"Alphonse was, without doubt, one of the best pilots in this area," Laframboise said. "He was well liked and respected by everyone in the aviation community. He had an endless supply of flying tales - known as 'hanger flying' for the pilots and wanna-be pilots that stopped by - and sometime would put on a private airshow at the airport just for our enjoyment. For a time he would have a large bowl of baked beans, usually on Friday, for anyone that stopped by."
Laframboise would spend all of his income learning to fly. He couldn't get enough of it. In addition to Quesnel as mentor, instructor Judd Glenn helped the student pilot learn to fly a Cessna 150, a Cessna 172, and an Aero Commander Lark.
"Alphonse was a dealer for Aero Commander planes manufactured by North American Aviation," Laframboise said. "They were brand new and it was fun to fly them. I learned very quickly." On the way to his flight exam at the Rutland Airport, Laframboise logged his fortieth required flying hour.
In late 2005, after flying his own Piper Archer for several years, Laframboise decided to get involved in the new and exciting world of homebuilt sport aircraft.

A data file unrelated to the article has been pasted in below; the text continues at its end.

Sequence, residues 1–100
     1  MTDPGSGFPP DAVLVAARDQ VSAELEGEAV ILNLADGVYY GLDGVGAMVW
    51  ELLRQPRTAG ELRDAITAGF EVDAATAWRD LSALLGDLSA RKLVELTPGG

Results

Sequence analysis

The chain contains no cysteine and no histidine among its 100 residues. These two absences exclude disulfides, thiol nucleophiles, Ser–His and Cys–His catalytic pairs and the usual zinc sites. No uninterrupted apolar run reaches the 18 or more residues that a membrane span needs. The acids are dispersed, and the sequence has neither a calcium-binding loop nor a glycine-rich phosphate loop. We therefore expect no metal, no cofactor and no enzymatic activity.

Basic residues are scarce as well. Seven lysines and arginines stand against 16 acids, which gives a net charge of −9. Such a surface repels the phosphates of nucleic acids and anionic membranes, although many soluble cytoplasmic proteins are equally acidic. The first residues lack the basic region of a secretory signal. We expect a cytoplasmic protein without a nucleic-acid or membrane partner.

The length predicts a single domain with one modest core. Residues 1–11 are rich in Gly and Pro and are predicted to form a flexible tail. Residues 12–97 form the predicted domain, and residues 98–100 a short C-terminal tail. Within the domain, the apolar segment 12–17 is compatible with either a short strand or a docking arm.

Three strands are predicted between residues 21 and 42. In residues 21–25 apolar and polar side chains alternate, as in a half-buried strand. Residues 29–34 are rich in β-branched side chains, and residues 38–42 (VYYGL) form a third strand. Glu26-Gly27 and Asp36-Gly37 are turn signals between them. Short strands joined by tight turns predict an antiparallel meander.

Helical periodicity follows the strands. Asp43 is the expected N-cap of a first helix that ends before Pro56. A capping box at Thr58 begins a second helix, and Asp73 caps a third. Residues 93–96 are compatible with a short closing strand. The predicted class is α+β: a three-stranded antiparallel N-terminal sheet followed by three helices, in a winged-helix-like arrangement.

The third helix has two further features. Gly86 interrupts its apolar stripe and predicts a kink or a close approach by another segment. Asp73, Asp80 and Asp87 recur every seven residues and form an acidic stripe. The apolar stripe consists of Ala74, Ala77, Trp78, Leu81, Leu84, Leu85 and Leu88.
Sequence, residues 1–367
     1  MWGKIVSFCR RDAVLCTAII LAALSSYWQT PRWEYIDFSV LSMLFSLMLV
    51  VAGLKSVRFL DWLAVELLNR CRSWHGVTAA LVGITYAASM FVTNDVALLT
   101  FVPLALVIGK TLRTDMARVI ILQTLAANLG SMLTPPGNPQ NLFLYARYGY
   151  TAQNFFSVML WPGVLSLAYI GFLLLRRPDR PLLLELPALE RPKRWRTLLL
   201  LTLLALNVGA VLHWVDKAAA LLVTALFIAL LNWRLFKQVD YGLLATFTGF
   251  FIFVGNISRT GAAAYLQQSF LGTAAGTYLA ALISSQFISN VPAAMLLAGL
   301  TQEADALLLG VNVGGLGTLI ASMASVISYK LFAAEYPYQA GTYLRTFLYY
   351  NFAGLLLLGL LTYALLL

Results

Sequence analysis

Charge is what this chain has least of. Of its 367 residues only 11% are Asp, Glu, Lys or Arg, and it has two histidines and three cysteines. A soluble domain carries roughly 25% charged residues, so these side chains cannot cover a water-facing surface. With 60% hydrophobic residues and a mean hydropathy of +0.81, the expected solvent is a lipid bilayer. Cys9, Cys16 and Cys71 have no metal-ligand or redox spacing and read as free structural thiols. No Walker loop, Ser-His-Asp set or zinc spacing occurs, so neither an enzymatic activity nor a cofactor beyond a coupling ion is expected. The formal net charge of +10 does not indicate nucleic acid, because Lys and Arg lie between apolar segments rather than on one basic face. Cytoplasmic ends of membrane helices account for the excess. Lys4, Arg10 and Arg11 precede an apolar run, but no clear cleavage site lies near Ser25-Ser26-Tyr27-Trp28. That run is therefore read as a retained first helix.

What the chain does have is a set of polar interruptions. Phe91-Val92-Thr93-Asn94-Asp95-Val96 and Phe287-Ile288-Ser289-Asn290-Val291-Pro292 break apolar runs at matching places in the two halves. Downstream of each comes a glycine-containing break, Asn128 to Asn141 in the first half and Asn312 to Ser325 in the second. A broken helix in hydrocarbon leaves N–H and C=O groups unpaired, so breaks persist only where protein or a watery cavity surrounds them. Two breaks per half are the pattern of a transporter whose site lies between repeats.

Beginning back in the 1990s, America's newest sport aircraft became lighter, speedier, and constructed of either traditional aircraft metals such as aluminum or new composite, synthetic materials such as carbon fiber. Engines became lighter and more fuel efficient than their older, less adventuresome cousins.
While considered safe and fun to fly, homebuilt aircraft are not without risk. And because they are not fully assembled by the manufacturer under rigid factory guidelines, homebuilt kit planes have been classified as "experimental" by the Federal Aviation Administration.
In 2006, Pete Laframboise began shopping around for an experimental aircraft to build himself. He joined the Experimental Aircraft Association and began an intense quest to construct, and then fly, experimental wings made with his own hands.
Next week: Building and flying the experimental RV-7A.